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LONDON: DP World has offered its continued commitment to invest in Britain’s trade and logistics infrastructure after it exits the EU.
Addressing the House of Commons and the House of Lords, DP World Group Chairman Sultan Ahmed bin Sulayem shared his view on how “free zones can be the step up countries need, from emerging markets to more established economies, to stay resilient and drive growth in the post-COVID trade economy.”
He said: “We know this from the successes we’ve seen at the Jebel Ali Free Zone in Dubai, which allows 100 percent foreign ownership, 0 percent import or re-export duties, 0 percent personal income tax, no currency restrictions, no restriction on foreign talent and no restriction on capital repatriation. This has helped the city rely less on its natural resources and become the largest industrial zone in the region, facilitating trade worth more than $93 billion annually and benefiting more than 560 companies from 70 countries.”

He also referred to the Caucedo marine terminal and free zone that DP World established in the Dominican Republic, which has “enabled the country to emerge as a strong competitor in international markets, helping to serve as a roadmap for its neighbors and the region.”
Bin Sulayem said DP World has made the most significant investments in the UK outside the UAE, with over £2 billion ($2.66 billion) in jobs and technology over the past decade at London Gateway, its Southampton port, and P&O Ferries, among others.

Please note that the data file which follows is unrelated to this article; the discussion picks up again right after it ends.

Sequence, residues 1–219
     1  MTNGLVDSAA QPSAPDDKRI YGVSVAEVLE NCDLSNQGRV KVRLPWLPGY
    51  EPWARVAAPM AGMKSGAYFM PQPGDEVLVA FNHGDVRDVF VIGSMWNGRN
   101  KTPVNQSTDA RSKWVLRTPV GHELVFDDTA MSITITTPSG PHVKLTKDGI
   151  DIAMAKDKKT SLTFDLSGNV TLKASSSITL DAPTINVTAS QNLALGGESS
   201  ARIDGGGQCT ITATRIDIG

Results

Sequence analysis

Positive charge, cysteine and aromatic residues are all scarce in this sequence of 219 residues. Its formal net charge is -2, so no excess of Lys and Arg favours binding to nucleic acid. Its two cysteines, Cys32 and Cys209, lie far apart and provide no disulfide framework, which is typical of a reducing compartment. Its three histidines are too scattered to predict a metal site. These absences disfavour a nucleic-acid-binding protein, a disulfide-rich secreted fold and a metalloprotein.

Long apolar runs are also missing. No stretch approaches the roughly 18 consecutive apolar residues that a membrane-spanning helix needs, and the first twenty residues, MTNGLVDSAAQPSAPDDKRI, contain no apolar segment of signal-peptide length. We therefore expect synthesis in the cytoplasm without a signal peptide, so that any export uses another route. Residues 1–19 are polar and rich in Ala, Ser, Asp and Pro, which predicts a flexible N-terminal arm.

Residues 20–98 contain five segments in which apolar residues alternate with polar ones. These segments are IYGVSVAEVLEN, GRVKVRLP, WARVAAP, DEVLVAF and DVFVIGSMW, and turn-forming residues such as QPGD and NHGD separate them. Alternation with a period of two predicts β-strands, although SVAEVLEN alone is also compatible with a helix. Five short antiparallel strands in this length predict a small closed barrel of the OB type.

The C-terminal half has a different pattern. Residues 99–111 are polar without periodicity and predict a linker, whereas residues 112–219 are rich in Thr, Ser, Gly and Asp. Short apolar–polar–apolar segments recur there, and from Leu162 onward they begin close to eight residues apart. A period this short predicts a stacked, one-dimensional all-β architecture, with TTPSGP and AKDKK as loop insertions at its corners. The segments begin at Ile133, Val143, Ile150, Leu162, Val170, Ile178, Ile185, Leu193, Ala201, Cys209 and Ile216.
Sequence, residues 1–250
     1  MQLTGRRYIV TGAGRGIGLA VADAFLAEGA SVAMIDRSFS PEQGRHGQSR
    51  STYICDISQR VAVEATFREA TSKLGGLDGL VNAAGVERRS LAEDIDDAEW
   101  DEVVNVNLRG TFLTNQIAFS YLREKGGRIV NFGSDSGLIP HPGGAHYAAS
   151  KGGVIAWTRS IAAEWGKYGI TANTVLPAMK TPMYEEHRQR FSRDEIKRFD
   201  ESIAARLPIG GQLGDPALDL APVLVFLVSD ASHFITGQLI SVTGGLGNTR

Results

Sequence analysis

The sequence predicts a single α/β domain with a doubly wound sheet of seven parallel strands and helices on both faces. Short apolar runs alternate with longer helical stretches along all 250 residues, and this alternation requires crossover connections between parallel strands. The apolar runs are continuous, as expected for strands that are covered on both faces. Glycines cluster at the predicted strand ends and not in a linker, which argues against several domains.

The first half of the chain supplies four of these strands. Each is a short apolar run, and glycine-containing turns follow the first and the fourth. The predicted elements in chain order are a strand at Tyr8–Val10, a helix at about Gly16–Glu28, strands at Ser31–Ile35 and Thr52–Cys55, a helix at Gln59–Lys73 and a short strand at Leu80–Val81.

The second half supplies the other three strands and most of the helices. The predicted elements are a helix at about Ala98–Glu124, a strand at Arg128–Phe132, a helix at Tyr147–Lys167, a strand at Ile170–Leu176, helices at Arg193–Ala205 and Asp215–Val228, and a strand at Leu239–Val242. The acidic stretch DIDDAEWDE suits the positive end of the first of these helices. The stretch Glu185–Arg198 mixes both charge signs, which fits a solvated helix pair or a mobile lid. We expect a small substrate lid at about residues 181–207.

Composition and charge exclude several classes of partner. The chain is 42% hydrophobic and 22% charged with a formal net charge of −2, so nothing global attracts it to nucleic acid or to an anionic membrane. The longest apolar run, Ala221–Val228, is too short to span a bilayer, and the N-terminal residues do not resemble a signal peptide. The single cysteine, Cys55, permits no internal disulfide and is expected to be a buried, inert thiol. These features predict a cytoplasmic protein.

“We are ready to help the UK rise to the challenges and opportunities of leaving the EU, whatever the outcome of the negotiations,” Bin Sulayem said in a tweet following the briefing.
“The potential power of free zones is particularly strong in ‘shovel ready’ markets, where our existing sites are primed for expansion into even more sophisticated economic and logistics zones, like our London Gateway terminal on the River Thames estuary. Over the next 10 years, we’ve earmarked around £1 billion for investment into the site,” he added.
But he said the UK cannot aim for the same trade ambitions as other countries as over the last four decades all of its trade has been negotiated through the EU, and must therefore adapt to become an independent global trader post-Brexit.

“Regardless of whether you view the UK’s previous trade-bloc membership as a help or hindrance, the country now has an opportunity to position itself as a key player in the post-COVID trade economy,” Bin Sulayem added.
“The need for focused, sophisticated and business-friendly trade zones has never been greater as companies look for new ways of getting closer to their customers, optimizing their trade flows, attracting inward investments and diversifying into new trade markets.”
He said the pandemic has shown that ports must do more than merely handle and move cargo.
He added that companies are seeking shorter supply chains and diversified routes, which are done through sophisticated economic and logistics zones surrounding a port or terminal.
“Free zones aren’t a universal remedy, but a critical component in how countries can diversify their trade flows and opportunities for inbound investment,” he said.

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